I am undertaking a residency at Guldagergaard Ceramic Research Centre in Denmark to make new work that will be exhibited at The Ceramic House in May 2014, setting the context for the exhibition Fantastic Tales: Danish Contemporary Ceramics with 15 leading Danish ceramists. My piece will be subsequently exhibited at European Ceramic Context 2014 in Bornholm (Denmark). Funded by ACE and Danish Embassy. Brighton University is hosting artists talks.


Here ends my Denmark-Brighton ceramics project of 2014. I have accomplished everything I set out to do and much more.

I have just sent off my final report to the Arts Council of England, who generously funded the project, without which it would never have been possible.

Thank you a-n for hosting my blog and providing this marvellous resource called Artists Talking where artists from every walk of life can document, comment, express views, share ideas, inspire, communicate and collaborate!

To summarise;

In the creation of my new work, I have:

–       undertaken a residency at a state-of-the-art international ceramics studio and created the first major body of my own work (i.e. not for a commission) in 19 years of working as a professional artist

–       pushed my work in a new direction, creating a brand new way of creating my ceramics slip casting porcelain

–       undertaken my first soda wood firing with astonishing results

–       created 3 new pieces of work compared to the one I planned to make

–       exhibited my new work in 3 formats in 3 exhibitions

–       participated in my first international ceramic biennial

–       driven 5,500 miles to Denmark and back twice

At The Ceramic House, I have

–       curated an acclaimed exhibition of Danish ceramics (Fantastic Tales) at The Ceramic House with 16 renowned ceramic artists

–       worked with a filmmaker to create 3 new films about The Ceramic House

–       worked with 3 photographers, a graphic designer, an editor and a writer to create a beautiful catalogue documenting the Fantastic Tales exhibition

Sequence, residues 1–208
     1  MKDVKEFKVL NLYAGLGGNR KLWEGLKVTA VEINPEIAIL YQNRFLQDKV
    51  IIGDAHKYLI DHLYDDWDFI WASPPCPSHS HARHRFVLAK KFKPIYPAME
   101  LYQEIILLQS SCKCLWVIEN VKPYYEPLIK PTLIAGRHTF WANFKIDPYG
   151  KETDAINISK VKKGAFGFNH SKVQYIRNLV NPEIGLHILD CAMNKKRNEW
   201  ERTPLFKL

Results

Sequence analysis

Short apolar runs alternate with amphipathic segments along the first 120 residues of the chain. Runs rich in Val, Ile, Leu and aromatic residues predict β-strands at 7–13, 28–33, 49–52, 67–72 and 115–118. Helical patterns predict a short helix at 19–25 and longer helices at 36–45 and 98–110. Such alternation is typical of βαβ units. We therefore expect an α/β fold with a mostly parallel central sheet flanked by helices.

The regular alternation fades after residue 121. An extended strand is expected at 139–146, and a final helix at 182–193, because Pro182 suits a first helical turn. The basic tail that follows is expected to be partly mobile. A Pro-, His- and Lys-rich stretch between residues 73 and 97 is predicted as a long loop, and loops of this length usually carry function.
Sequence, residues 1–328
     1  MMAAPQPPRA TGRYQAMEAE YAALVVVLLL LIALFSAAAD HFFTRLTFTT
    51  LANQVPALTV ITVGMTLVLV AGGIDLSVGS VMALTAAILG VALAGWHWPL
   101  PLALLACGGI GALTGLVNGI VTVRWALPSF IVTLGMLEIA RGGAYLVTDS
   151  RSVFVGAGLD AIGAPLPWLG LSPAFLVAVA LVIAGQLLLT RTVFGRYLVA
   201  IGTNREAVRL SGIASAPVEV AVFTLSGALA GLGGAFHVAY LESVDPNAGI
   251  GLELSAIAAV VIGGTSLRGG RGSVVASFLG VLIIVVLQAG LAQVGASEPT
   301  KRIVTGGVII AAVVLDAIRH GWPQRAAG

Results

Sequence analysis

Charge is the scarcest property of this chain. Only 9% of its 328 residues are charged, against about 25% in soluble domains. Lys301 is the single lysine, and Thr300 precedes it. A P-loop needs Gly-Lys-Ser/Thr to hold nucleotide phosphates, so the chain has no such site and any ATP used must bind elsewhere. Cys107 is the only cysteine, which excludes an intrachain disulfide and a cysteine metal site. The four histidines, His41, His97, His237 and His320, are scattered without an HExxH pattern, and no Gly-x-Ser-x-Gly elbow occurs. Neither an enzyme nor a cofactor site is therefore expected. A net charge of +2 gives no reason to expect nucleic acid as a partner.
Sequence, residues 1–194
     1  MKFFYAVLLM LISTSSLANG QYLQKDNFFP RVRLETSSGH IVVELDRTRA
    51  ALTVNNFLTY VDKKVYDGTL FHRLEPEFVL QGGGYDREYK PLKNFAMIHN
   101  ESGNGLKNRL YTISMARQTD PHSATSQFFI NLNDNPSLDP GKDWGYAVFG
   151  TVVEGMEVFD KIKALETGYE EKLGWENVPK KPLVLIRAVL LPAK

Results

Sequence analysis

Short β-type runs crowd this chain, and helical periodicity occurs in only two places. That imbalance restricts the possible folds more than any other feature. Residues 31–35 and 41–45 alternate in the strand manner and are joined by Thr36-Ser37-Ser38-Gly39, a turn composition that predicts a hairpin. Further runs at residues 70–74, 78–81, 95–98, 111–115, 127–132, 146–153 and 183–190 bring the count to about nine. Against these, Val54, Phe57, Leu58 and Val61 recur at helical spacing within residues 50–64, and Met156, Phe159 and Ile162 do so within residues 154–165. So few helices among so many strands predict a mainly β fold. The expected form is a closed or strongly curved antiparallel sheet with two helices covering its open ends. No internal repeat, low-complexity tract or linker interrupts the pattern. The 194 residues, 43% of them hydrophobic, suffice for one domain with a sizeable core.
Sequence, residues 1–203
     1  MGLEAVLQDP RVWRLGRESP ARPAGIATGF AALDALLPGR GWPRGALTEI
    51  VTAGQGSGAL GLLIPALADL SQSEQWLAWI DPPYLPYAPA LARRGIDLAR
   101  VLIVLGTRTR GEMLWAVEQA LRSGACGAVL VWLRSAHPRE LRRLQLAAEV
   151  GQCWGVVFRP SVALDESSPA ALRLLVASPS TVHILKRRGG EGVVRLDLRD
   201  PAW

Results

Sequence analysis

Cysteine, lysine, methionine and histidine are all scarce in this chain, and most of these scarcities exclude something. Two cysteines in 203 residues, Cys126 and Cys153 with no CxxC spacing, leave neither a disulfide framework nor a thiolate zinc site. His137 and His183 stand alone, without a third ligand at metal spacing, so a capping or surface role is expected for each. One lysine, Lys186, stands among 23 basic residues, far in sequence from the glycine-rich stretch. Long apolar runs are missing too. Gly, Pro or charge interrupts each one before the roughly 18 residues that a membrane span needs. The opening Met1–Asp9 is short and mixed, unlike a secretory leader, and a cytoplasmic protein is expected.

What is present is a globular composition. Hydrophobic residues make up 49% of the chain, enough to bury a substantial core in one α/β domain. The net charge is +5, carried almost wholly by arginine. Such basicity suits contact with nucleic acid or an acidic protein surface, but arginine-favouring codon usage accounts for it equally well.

–       led a team of students from Brighton University and volunteers in my studio and helping with all aspects of running the show at The Ceramic House

–       as an afterthought, ran a series of drop-in tile-making workshops during the Open Days of the exhibition

–       established what I hope will become a lasting, fruitful relationship with the ceramics department of Brighton University

–       received support from the Embassy of Denmark

Press and publicity:

–       Fantastic Tales attracted printed previews and features in Ceramic Review, Crafts, Pretty Nostalgic and Glazed Expressions (TACS) magazine, Absolute Magazine, The Latest magazine

–       Online articles in: Arterritory, Culture 24, Culture Nordic, and many more

–       TV feature on Latest TV

Youtube link here:


In numbers:

–       received 5527 (real) visitors to the exhibitions in Brighton plus approximately 10,000 visitors to European Ceramic Context in Bornholm

–       received 67,145 (virtual) visitors online

–       in total 82,769 people involved in this project

–       created 14 new products/commissions

–       22 artists and 75 participants directly involved in the project

–       The Ceramic house website has had 8973 visitors with 32,000 views over last 12 months; current all time views (since March 2012) – over 76,000 visits now compared to 50,000 a year ago, therefore interest has increased 50% in one year.

–       The Ceramic House Facebook page reached over 45,000 people in last 12 months with 3057 fans now compared to 751 a year ago.

And finally…

Keep an eye on my new Artists Talking blog “In A Shetland Landscape”, a collaboration with Joseph Young, which will follow our ceramics and sound residency at Scalloway Booth in August 2015 leading to an exhibition at Shetland Museum and Archives in April 2016…


Here is a selection of my pick of photographs from all the other exhibitions I visited that took place on the island of Bornholm that, combined, formed European Ceramic Context 2014. I didn’t manage to see all of them but the opening weekend itself was a whirlwind of criss-crossing the island attending one opening event after another, meeting friends, artists, curators, directors, collectors and students over and again. A hive of talent, excitement, activity and buzz!